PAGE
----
Caught shoplifting, but police were not called. Do I have to pay a fine?

I have been asked many times about this exact scenario.  You were caught or detained for shoplifting, but they did not call the police.  They said you’d get a letter in the mail with a fine that you had to pay.  What is that? Do you have to pay them?  Can they still call the police and press charges later?

Can the store still “press charges” for shoplifting if they didn’t call the police when it happened?

If the police weren’t called initially, the odds are very much in your favor that there will be no criminal charges and therefore nothing on your record to deal with. Could they call the police and make a police report later? Sure, but that is by far the exception to the rule.  Keep in mind that the store cannot “press charges” – only the District Attorney or City Attorney can file criminal charges.  All the store could do would be to make a police report that may get forwarded to the prosecutor’s office for review and the possible filing of charges, but the store cannot directly file criminal charges against you.

They said I had to pay a fine. 

The “fine” they’re referring to is a civil demand letter. The Penal Code authorizes a merchant to “demand” up to $500 plus costs in a shoplifting incident. The store itself may send something from their “legal department” or they may contract with one of a few law firms that handle these situations. These firms are typically out of state and only have a local attorney’s name on their letterhead as “of counsel” so they can legally make these demands in California.

There was one particular firm out of Florida that was quoted in the Wall Street Journal as saying they send out over a million of these “demand” letters a year. Of those, they filed less than 10 lawsuits. Not 10 percent. Not ten thousand. Ten. The odds are overwhelming that if you just ignore their demands, nothing will come of this. They may send several letters, each sounding more intimidating and with increasing amounts they’re asking for. If you keep ignoring them, they have to make a choice – let it go (they almost always do) or actually follow through.

What’s their option if they really want to go forward? Small claims court. Here’s the thing though… attorneys cannot and do not get involved in Small Claims cases. So – these law firms are essentially all bark and no bite. In fact, some advertise their services on their websites as “litigation free” collections. That’s code for “we don’t actually sue people.” Instead, they operate on volume and intimidation, hoping people will just send in the hundreds of dollars they’re asking for. Some people pay thinking it will make a criminal case go better (it won’t necessarily) or that they “have” to (you don’t).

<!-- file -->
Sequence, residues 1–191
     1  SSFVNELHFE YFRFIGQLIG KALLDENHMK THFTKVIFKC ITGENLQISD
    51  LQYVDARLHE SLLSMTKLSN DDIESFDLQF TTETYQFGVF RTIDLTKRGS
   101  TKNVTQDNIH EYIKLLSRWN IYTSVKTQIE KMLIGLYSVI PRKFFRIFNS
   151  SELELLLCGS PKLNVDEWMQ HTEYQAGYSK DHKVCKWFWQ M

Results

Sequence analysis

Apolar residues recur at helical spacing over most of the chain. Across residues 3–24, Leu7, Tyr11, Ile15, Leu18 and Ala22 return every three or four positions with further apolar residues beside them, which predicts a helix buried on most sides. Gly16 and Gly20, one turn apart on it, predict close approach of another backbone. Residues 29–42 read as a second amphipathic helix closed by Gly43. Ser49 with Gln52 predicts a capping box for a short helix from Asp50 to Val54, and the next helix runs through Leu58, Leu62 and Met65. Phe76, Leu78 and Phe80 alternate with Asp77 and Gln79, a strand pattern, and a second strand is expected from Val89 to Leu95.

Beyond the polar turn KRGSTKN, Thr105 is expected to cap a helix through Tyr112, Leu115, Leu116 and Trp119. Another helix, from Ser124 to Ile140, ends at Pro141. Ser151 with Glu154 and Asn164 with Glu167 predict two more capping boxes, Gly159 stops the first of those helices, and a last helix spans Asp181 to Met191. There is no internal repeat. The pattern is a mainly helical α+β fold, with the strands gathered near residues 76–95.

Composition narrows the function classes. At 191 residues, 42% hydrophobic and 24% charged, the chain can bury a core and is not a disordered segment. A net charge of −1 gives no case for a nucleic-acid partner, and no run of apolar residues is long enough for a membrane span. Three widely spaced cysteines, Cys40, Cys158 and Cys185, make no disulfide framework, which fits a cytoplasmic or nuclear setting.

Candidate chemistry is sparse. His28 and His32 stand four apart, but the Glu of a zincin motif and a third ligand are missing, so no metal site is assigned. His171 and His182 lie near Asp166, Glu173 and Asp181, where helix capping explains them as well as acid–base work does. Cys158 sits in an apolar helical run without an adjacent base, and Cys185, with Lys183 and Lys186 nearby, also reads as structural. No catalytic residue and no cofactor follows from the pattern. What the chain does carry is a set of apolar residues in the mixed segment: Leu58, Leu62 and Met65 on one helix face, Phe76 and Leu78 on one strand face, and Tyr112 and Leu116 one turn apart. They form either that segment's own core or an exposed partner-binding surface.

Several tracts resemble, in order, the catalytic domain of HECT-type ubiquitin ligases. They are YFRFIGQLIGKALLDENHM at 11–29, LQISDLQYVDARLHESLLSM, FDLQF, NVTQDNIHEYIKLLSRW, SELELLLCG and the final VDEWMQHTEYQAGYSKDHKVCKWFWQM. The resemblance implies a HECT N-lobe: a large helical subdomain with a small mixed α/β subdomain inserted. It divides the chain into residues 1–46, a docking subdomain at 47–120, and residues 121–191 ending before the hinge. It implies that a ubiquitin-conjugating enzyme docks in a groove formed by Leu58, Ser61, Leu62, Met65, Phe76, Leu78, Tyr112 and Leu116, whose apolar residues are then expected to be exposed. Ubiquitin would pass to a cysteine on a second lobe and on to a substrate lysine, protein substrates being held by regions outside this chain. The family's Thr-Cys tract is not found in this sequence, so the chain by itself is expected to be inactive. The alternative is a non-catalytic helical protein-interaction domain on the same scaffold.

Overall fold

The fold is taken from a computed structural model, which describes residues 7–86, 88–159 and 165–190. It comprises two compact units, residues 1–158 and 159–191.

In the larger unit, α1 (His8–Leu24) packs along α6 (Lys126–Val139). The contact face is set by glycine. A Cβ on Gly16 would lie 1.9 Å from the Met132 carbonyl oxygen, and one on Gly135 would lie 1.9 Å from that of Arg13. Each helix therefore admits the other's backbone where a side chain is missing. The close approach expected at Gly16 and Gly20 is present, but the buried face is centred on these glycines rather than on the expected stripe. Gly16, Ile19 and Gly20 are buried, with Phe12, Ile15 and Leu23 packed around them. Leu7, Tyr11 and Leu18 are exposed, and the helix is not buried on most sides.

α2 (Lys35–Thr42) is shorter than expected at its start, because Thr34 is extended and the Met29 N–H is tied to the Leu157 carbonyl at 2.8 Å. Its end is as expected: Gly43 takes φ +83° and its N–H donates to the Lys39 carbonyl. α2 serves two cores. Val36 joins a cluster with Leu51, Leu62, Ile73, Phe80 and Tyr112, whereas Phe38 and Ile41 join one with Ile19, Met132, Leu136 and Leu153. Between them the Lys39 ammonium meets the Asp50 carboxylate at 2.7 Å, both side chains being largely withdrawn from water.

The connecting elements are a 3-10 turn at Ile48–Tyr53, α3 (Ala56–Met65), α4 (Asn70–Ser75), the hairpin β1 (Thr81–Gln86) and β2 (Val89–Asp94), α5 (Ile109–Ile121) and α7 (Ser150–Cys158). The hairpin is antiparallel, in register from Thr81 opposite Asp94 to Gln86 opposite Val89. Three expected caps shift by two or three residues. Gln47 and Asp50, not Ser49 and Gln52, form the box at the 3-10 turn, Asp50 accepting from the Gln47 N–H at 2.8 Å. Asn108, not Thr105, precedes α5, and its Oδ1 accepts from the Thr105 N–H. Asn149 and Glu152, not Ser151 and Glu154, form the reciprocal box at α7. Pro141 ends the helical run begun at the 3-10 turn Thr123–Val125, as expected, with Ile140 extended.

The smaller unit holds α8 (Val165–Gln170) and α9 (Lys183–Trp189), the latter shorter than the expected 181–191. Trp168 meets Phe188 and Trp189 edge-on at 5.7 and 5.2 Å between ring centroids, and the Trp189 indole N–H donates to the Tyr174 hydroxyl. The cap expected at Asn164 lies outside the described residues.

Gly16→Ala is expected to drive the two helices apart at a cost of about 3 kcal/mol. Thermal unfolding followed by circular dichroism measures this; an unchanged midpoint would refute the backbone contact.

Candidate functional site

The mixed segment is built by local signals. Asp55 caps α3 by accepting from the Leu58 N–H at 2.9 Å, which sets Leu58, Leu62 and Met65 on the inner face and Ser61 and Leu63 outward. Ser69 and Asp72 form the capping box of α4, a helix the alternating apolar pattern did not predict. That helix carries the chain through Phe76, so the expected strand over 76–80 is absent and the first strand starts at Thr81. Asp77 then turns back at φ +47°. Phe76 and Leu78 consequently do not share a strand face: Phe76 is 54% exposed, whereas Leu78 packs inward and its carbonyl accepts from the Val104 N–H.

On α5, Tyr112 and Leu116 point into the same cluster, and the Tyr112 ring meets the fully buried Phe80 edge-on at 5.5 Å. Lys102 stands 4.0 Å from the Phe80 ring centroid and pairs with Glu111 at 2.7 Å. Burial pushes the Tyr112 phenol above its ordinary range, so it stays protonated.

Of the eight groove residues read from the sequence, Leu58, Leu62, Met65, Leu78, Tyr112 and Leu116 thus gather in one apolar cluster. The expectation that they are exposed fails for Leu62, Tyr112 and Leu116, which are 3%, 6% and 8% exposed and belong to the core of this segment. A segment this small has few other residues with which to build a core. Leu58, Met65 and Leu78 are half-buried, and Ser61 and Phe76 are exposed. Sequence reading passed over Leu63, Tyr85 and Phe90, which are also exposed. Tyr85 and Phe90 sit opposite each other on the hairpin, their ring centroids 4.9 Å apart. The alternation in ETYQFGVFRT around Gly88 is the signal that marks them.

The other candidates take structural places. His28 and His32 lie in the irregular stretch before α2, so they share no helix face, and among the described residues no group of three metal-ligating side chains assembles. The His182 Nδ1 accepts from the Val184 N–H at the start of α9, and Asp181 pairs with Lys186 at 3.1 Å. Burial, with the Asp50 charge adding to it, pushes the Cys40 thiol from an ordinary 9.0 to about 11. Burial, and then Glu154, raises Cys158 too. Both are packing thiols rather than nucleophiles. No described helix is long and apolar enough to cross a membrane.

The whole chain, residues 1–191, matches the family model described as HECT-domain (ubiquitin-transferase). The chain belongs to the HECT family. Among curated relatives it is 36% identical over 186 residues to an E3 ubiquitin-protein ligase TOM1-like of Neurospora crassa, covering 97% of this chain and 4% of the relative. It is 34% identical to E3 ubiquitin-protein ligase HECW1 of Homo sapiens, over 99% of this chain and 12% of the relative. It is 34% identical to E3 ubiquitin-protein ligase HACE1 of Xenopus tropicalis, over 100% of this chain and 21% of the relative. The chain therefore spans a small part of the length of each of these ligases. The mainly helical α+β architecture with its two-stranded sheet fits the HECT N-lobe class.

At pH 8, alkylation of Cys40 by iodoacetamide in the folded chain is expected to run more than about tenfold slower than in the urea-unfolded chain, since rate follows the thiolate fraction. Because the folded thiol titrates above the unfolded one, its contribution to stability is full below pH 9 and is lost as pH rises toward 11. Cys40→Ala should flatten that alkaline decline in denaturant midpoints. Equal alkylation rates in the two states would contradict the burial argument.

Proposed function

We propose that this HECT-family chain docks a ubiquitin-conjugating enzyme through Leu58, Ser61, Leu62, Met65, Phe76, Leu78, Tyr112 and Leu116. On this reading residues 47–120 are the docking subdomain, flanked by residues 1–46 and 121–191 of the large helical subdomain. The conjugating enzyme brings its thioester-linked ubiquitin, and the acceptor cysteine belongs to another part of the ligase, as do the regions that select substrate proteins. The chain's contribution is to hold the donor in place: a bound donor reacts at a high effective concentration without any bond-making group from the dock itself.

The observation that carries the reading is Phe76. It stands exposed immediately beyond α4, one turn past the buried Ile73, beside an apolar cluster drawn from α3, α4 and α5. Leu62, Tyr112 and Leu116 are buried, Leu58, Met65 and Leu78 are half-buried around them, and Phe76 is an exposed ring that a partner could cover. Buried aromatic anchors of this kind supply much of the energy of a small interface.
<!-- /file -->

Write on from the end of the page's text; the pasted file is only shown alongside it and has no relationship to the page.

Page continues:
I’ve personally never heard of anyone actually being sued for ignoring the civil demand letters. If you are that one in a million and they do file a small claims case against you, you can always settle then. Or… you can go to trial and make them prove their damages. I assume they got all the merchandise back undamaged, put it right back on the shelf and aren’t really out any money aside from the time it took the store personnel to deal with you. What’s that? Maybe a couple of employees wages for a couple of hours? Can they get filing fees against you? Sure. Even if you went to trial and lost, the amount you’d be ordered to pay will in all likelihood be far less than they’re demanding in their letters.

I participate in several state-wide and national online forums for attorneys.  The overwhelming consensus is to ignore these letters. They may send a few and may even call you if they have your phone number. Screen your calls and ignore the letters. It costs that law firm to send out the letters – and that comes out of their cut of any money sent in – so they won’t waste too much on you if you don’t respond.

Should you get one of these demand letters and you still have questions, a phone call or face to face meeting with a local criminal defense attorney will probably set your mind at ease as you continue to ignore the demands.

Don’t ignore everything though…

Be sure you know what you’re ignoring though. If you do get something from either the District Attorney, City Attorney, the police department or the court, don’t ignore those. That means there is in fact something going on that you have to deal with. If you are charged, it’s time for a lawyer. If you’re under investigation, it’s also time for a lawyer and to keep your rights in mind – say nothing to anyone about this except your attorney in confidence.

If theft charges are filed against you…

Now, it’s time for action.  A theft conviction can have lasting, negative consequences.  Even in the face of strong evidence against you, there may be legal, factual or other defenses.  Our goal is to help you avoid a conviction if at all possible.  If charges are filed, it’s time for a lawyer.  Give me a call or send an email to discuss your case.  We can set up a time to talk and discuss what your options are and how best to proceed.


For more information, please see this post:  Shoplifting and civil demand letters (Audio podcast)

Joe Dane


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